A literature review shows that a huge number of research studies were devoted to assess the almond quality for both nut and kernel in northern and southern hemispheres [8, 10]. Along with chemical composition of almond kernel, quality is also defined by the physical traits. The physical fruit traits must be included to characterize almond fruit [11, 12], since these traits not only serve for classification purposes but also affect industrial processing and consumer acceptance. As reported by several other authors, physical quality traits encompass geometrical, gravimetrical, frictional, and tegument color [11, 1316]. These traits depend upon several factors such as geographic origin, genotype, agronomical managements under which almonds are grown, and moisture level [11, 13].

In almond fruit, the tegument known also as pellicle, almond skin, or seed coat represents about 4% of an almond fruit. It protects the almond kernel from microbial contamination and oxidation [17]. Several food applications of almonds in bakery, confectionary items, snack formulations, cereals, and marzipan require the almond kernel alone without the tegument [17]. However, the almond tegument is a valuable agricultural by-product due to its richness in phenolic compounds as reported by several studies [1719]. Owing to its higher antioxidant power, the almond tegument is widely reported to be a good source of phenolic compounds for various uses [1820].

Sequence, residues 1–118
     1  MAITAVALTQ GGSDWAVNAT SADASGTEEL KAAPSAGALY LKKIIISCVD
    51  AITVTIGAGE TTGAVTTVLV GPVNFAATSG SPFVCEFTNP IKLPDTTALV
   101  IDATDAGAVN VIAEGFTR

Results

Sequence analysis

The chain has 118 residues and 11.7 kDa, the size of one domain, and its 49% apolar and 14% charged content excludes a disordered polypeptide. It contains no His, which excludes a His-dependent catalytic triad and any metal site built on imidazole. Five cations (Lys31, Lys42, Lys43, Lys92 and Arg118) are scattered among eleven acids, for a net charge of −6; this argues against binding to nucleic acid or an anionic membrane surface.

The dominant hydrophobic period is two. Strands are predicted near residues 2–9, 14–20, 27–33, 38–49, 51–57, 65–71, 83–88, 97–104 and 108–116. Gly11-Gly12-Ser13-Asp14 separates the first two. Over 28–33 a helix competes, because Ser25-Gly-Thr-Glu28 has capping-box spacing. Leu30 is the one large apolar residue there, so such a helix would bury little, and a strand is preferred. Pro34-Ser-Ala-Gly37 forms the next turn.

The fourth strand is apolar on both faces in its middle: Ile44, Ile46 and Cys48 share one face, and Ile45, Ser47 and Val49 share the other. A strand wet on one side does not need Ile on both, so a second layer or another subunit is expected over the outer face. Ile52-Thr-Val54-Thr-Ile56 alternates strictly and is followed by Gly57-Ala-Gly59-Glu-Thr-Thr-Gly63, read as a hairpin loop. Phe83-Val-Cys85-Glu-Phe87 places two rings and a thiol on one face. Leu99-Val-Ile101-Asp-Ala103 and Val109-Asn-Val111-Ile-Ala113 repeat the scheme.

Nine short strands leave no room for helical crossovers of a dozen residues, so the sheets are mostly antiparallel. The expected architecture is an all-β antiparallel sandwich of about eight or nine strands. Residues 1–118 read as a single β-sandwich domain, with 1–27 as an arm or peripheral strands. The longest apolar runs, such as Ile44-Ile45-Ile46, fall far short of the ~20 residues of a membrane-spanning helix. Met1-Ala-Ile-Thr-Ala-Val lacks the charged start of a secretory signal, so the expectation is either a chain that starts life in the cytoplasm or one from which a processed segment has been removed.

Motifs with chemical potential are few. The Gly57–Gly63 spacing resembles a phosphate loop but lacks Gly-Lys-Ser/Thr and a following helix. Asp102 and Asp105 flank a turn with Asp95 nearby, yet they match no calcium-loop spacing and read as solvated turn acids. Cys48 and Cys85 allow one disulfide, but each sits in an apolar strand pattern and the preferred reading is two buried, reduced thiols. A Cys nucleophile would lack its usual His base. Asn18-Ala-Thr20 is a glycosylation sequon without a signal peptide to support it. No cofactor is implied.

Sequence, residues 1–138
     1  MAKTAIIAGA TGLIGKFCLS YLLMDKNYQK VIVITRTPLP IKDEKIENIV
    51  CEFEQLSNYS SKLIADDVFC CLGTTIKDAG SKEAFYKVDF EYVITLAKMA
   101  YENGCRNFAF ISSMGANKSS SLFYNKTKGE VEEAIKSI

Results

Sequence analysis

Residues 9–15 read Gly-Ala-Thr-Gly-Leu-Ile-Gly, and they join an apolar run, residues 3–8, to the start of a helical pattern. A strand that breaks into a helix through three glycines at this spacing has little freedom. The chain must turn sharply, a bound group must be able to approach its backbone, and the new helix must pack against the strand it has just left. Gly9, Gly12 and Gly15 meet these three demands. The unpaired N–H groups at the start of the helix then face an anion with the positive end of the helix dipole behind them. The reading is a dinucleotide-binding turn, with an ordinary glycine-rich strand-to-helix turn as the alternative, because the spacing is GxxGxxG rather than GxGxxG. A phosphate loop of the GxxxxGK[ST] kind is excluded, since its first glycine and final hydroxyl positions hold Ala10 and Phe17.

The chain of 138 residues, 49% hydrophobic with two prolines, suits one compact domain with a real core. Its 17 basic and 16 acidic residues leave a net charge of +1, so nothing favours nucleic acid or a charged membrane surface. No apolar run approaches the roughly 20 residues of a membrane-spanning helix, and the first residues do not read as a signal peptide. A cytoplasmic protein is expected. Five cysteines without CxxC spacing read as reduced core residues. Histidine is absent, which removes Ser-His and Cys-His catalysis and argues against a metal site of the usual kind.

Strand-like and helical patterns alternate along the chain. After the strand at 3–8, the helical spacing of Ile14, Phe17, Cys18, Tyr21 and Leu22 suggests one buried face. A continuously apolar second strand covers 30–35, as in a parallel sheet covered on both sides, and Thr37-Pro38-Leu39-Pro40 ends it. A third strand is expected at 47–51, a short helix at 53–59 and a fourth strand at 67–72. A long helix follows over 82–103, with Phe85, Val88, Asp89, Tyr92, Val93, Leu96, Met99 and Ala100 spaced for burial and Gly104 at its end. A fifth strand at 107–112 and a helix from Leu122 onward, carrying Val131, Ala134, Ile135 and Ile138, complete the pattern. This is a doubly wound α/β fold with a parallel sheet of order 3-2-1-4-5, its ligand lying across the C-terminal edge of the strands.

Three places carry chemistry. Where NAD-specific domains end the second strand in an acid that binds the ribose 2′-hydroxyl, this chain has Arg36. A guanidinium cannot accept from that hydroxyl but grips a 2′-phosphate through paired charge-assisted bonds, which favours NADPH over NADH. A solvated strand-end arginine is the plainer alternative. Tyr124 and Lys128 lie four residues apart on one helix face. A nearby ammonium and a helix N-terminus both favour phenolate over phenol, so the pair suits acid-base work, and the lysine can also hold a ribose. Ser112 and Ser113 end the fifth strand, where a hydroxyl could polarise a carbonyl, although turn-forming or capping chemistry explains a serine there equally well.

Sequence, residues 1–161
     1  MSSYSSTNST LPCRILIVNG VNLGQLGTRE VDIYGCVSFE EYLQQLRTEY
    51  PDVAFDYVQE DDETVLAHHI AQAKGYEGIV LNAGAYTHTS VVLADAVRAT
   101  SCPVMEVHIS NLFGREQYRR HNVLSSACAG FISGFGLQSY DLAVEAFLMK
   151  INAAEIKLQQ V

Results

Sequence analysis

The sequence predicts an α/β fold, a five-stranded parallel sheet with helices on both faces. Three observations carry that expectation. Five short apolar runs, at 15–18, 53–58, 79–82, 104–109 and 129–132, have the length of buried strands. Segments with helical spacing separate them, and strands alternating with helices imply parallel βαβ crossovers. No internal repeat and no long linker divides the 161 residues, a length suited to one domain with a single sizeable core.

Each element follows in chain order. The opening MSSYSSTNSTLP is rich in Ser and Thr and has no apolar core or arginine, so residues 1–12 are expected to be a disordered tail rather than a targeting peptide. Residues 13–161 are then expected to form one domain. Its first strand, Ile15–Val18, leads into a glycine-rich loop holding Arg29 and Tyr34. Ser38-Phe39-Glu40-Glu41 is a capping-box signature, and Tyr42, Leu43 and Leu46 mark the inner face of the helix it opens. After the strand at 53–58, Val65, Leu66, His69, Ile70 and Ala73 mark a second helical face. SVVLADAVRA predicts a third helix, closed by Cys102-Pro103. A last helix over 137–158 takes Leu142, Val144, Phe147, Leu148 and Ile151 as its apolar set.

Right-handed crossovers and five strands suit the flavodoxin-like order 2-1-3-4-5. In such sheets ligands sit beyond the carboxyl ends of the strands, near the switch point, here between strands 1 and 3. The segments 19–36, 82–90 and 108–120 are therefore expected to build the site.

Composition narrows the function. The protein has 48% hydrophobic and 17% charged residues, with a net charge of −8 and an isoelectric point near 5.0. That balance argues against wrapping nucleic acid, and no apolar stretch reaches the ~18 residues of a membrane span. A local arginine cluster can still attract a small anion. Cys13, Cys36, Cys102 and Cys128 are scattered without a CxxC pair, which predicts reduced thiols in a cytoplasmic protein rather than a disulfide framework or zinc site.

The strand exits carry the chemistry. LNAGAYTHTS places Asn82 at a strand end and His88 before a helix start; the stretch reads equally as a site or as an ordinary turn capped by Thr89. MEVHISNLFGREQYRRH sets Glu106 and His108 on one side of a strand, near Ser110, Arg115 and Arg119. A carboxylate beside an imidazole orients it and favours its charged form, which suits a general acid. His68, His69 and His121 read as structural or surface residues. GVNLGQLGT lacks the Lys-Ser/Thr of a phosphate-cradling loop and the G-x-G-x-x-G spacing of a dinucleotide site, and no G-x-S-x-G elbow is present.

Tegument color is reported to be important as one of the physical fruit traits [12, 2123]. It is generally assessed using the CIELAB color space (known also as CIE Lab). In this space, color is defined as three numerical values known as the trichromatic coordinates (L, a, and b). The coordinate L refers to the lightness of a given sample (scored from 0 which represents the black color to 100 representing the white one); a is the coordinate that defines the degree of approximation to the red color when a takes positive values and green when negative; and the coordinate b indicates yellow when it takes positive values and blue when negative23. Furthermore, chroma (C) and hue angle (H) are other color indices calculated on the basis of L, a, and b. Following the work of McGuire [24], C is a measurement of chromaticity, which defines the purity or saturation of the color and H describes the color nuance as follows: red-purple: 0°, yellow: 90°, bluish-green: 180°, and blue: 270°.

Although color is one of the most important attributes used by consumers to distinguish a product quality [25], USDA standards for grading almond kernels do not describe kernel color as a means for the distinction of varietal character [26]. In contrast, consumer preferences have an important role in determining marketability of a given agricultural product [27], and almond kernels of dark color can be perceived as having lost freshness or turned rancid. This reaction is delayed or even reduced by the presence, in the almond pellicle [1719], of antioxidative phenolic compounds (such as α-tocopherol) which act as free-radical scavengers.